Experience life in a Korean hanok

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Experience life in a Korean hanok


Two Japanese tourists, on the right, make makgeolli, as part of one of the cultural programs available at the Tea Guesthouse in Seoul. By Kwen Hyek-jae

Although it is difficult to buy a hanok, a traditional Korean house, in Seoul, one can certainly live in one for a day. Last month, the Jongno District Office began receiving applications from the owners of hanok in Gahoe-dong, Wonseo-dong and other neighborhoods in the district who want to be part of the district’s new Hanok Experience program. Guests at participating hanok will not only get a closer look at the physical structure of one of these elegant houses, but can also have the experience of staying in one.

Currently, 25 hanok are part of the Hanok Experience program, but the number is increasing, the district office said. The programs vary - some hanok function as a bed-and-breakfast, while others offer cultural activities, such as classes in making kimchi.

Room rates and program fees vary from 30,000 won to 70,000 won ($25 to $58). The Hanok Experience Web site, http://homestay.jongno.go.kr, lists participating hanok. For details, call (02) 731-1836. Here are some of the houses registered for the program.

Tea Guesthouse

This guesthouse has been open for four years. On the day we visited the site, we met two Japanese women in hanbok, or traditional Korean clothing, stirring bowls of fragrant makgeolli. They had signed up for the hanok’s makgeolli-making program and were immersed in brewing the traditional Korean rice wine. Emiko Miyano, 36, said, “In Japan, making liquor at home is banned, so the makgeolli-making program was particularly appealing.”

Tea Guesthouse, one of the most well-known hanok guesthouses in Seoul, has seven rooms. There are four six square-meter single rooms, which can be rented for 50,000 won, two 10 square-meter double rooms, which cost 80,000 won, and one special room, which costs 160,000 won. The special room has a separate bathroom, while the single and double rooms share three bathrooms between them. The guesthouse also provides a Korean or American-style breakfast.

This year, the guesthouse began offering cultural programs, including classes in making makgeolli, which cost 120,000 won, and kimchi, which cost 90,000 won. To complete the experience, guests can rent hanbok to wear during their stay.


A corner of Tea Guesthouse.

For details, visit www.teaguesthouse.com or call (02)3675-9877.

Eugene House

Eugene House has a spacious courtyard in the center of the building.

There are small rooms for two people and larger rooms that can accommodate up to six people. All rooms are accessible from the courtyard via double doors that are designed to block the cold during the winter.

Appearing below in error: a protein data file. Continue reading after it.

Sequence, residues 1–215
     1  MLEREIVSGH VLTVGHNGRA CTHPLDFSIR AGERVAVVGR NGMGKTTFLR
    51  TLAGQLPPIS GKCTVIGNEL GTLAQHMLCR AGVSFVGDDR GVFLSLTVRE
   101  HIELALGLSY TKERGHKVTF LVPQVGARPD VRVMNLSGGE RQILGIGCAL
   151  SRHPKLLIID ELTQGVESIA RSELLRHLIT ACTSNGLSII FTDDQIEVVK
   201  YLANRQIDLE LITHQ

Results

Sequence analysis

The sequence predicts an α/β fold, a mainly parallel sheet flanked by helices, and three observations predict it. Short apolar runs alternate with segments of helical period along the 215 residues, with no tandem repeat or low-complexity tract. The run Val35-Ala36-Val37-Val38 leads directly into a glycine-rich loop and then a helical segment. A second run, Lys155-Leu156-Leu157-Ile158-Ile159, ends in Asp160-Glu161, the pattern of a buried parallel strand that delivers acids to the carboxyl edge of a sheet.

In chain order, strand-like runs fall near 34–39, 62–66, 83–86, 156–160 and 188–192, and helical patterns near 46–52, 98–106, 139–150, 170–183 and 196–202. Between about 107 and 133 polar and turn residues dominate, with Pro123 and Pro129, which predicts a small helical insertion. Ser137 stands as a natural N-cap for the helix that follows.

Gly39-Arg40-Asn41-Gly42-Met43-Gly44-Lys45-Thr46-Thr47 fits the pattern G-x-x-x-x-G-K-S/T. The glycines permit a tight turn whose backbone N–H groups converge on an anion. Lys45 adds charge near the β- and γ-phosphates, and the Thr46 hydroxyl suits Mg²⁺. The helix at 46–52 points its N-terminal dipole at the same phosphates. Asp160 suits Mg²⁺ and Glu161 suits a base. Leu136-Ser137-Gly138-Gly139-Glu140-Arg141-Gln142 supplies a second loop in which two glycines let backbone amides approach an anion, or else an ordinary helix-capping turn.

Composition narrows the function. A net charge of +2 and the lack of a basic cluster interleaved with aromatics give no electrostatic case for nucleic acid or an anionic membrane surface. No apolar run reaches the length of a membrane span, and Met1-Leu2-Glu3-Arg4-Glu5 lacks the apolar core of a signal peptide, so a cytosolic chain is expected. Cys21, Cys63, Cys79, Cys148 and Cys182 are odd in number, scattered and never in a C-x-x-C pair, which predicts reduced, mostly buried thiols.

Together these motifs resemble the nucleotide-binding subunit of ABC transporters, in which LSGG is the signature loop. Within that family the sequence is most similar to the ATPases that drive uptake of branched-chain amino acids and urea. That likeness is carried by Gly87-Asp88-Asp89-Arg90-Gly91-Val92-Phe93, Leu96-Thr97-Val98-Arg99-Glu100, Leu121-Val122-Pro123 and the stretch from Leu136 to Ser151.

The owner of Eugene House, Kim Yeong-yeon, who has taught Korean culture in Japan and China, named the house after her daughter. Kim said that she “enjoys seeing her visitors get so much enjoyment from staying” there.

On weekends, Eugene House mostly caters to Koreans from the provinces, while on weekdays it takes in more foreigners.


A tourist from Japan takes a moment to enjoy the view at the Tea Guesthouse.

Eugene House has nine rooms. Room rates vary, from 60,000 won for a single, to 250,000 won for a quad. For breakfast, there is a choice of pastries or juk (Korean porridge).

Eugene House also offers a cultural activities program, including classes in making kimchi and Korean language. Guests receive a 10 percent discount on cultural activities programs.

For details, visit www.eugenehouse.co.kr or call (02) 741-3338.

Wonseo-dong 179-1 House

This is a small hanok with four rooms. The room rate is 50,000 won each, and breakfast is included.

The leader of Bukchon Music Group, Kim Jung-jin, offers lessons on traditional Korean instruments such as gayageum, a kind of zither, and janggu, a kind of drum. The group also offers concerts for guests.

For details, call (02) 744-1927.

Sagan-dong 9 House

The decor in this hanok is eclectic and consists of traditional Korean furniture that blends in beautifully with the more modern pieces. The rooms have a cafe feel, and the hanok sells snacks, drinks and liquor just as a cafe would. Snacks and drinks range from 2,000 to 5,000 won.

There are two rooms available for rent for 55,000 won each, including breakfast. Wireless Internet access is available in both rooms.

The guesthouse owner, Na Jung-won, was once a journalist who dreamed of owning a hanok cafe. Since the hanok also functions as her home, people need to make reservations in advance so that she can prepare the meals and drinks sold in the cafe.

Sagan-dong 9 House also offers activities such as classes in traditional Korean cooking and hanbok rental.

For more information, call (02) 735-4090 or visit www.cyworld.com/sagan9.

Gahoe-dong 11-46 House

This hanok offers gorgeous windows and spacious rooms. It is sought by foreigners who have a special interest in Korean art, as the owner is an expert in Asian art who teaches Korean calligraphy to visitors.


Emiko Miyano, a guest at the Tea Guesthouse, shows off a traditional Korean shoe she rented to wear during her stay. By Kwon Hyuk-jae

The guesthouse has four rooms, two of which are available to rent for 50,000 won each, including breakfast.

For details, call (02) 745-1115.

By Lee Jeong-bong [estyle@joongang.co.kr]
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